Physical activity is essential for healthy aging. Evidence suggests that vigorous-intensity physical activity (VPA) may be more beneficial than moderate-intensity physical activity (MPA). We examined physical activity levels (MPA, VPA and total physical activity), and their socio-demographic determinants in 2311 participants (15–93 years; 68% women) of the MZIMA Open Community Cohort, who had complete relevant data. Physical activity levels were estimated in minutes per week across three domains—work, leisure and transport. We created three outcome variables: low MPA (<150 min per week of MPA), low VPA (<75 min per week of VPA) and insufficient physical activity (IPA: <150 min per week of total physical activity) and applied sample-weighted multivariable logistic regression to assess associations with potential socio-demographic determinants. Prevalence of IPA, low MPA and low VPA were 25%, 26% and 65% respectively. IPA and low MPA were correlated (Spearman R = 0.98; p < 0.001). Work, leisure and transport contributed 54%, 25% and 21% to total physical activity respectively. IPA and low VPA were significantly associated with female sex, lower education, non-manual occupation and frequent fruit consumption. We observed significant differences by sex (Pheterogeneity < 0.001), on the associations between education and IPA, and between age, occupation and low VPA. In conclusion, low levels of VPA, which were more pronounced in women, support the monitoring and promotion of VPA alongside overall physical activity. Leisure-related activities should also be promoted towards gains in vigorous-intensity and total physical activity in this setting.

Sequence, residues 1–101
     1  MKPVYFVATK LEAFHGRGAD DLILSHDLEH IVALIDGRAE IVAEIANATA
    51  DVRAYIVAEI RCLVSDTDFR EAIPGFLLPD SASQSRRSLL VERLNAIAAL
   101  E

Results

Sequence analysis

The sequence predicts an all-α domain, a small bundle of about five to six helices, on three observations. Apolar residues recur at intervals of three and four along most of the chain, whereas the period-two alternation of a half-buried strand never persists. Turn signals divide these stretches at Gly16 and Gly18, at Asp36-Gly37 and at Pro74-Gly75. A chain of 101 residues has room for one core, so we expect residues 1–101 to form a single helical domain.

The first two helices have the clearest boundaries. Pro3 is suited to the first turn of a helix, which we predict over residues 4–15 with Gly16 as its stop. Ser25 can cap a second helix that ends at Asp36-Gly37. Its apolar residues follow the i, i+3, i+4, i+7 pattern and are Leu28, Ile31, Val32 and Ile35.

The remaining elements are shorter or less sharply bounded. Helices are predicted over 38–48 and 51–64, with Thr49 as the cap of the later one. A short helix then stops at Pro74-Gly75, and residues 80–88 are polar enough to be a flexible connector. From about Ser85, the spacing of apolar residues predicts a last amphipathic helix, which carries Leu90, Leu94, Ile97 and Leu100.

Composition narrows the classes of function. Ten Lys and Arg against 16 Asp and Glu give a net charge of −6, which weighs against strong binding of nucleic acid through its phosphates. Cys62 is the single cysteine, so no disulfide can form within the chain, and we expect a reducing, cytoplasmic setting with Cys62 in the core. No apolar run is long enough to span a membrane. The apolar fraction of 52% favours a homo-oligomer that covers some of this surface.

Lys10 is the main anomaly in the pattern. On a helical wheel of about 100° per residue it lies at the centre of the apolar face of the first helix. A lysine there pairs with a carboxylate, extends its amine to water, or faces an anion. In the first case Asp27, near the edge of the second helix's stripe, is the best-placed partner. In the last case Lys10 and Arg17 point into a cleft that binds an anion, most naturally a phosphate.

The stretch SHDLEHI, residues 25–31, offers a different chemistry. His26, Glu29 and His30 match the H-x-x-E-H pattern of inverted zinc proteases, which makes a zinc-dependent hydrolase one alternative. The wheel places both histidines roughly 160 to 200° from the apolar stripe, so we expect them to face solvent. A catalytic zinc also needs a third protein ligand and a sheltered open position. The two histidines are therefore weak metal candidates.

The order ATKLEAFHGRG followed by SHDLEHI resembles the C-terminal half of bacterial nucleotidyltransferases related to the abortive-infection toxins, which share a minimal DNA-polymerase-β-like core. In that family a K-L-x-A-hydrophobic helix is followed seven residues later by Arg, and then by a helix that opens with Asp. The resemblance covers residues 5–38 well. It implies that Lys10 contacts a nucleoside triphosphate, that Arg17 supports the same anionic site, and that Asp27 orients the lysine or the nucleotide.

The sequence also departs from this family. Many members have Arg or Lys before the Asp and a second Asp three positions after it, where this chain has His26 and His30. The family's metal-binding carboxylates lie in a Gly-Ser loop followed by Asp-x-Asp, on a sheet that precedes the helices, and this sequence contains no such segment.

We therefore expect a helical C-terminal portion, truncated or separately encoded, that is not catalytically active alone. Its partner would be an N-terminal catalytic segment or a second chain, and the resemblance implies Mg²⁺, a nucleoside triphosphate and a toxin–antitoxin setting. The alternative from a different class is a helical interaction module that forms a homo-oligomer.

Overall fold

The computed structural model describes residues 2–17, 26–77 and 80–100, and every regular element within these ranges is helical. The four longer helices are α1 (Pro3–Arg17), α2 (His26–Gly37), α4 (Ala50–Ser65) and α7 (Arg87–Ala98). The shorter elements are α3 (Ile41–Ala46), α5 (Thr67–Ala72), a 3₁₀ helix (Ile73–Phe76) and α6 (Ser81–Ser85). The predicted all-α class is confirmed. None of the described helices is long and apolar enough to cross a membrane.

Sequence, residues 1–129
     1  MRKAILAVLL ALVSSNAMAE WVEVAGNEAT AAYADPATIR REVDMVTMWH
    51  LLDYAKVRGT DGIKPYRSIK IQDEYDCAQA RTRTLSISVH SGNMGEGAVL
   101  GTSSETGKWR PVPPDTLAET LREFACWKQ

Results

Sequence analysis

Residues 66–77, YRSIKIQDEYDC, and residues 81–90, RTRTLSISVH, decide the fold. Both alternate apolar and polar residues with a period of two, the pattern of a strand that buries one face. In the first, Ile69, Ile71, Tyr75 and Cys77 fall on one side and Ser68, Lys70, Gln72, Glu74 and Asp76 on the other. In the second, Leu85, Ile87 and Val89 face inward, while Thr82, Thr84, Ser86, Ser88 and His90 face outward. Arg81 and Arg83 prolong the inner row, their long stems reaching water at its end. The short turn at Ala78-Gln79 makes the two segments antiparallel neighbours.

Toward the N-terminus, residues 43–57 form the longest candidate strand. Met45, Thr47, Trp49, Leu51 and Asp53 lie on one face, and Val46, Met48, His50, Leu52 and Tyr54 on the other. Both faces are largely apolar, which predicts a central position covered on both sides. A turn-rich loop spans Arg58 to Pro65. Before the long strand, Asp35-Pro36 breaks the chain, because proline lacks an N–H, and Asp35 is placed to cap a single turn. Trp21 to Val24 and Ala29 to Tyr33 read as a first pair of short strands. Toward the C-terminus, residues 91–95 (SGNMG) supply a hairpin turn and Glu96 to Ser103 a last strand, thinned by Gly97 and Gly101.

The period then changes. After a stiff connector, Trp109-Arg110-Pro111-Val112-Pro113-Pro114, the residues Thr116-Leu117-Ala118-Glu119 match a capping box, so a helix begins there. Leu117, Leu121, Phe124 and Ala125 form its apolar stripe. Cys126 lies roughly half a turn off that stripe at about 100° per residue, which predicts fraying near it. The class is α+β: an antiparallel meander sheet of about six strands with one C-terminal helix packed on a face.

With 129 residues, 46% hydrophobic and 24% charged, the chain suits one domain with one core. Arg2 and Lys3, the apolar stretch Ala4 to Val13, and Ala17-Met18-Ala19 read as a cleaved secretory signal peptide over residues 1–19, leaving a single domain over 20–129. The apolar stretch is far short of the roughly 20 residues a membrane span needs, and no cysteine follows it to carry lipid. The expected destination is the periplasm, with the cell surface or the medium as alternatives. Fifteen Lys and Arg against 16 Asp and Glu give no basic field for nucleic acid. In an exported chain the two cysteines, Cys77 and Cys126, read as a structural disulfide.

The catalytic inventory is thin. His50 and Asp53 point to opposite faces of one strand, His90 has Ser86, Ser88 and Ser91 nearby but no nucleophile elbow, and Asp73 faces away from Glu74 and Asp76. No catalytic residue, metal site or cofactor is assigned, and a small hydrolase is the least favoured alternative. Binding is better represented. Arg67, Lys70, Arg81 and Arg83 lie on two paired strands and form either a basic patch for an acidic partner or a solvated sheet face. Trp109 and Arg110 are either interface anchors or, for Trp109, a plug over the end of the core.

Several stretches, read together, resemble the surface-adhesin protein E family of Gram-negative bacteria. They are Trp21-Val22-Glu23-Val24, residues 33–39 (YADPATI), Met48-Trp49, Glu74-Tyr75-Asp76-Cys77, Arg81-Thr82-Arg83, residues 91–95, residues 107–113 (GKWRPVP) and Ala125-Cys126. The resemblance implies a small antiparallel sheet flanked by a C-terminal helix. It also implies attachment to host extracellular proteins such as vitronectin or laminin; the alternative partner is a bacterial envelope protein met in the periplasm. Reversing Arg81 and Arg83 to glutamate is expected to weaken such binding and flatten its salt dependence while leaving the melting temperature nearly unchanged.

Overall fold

|Number of pages||15|
|Journal||International Journal of Environmental Research and Public Health|
|Early online date||23 May 2018|
|Publication status||Published - Jun 2018|
- Cross-sectional study
- Physical activity
- Vigorous physical activity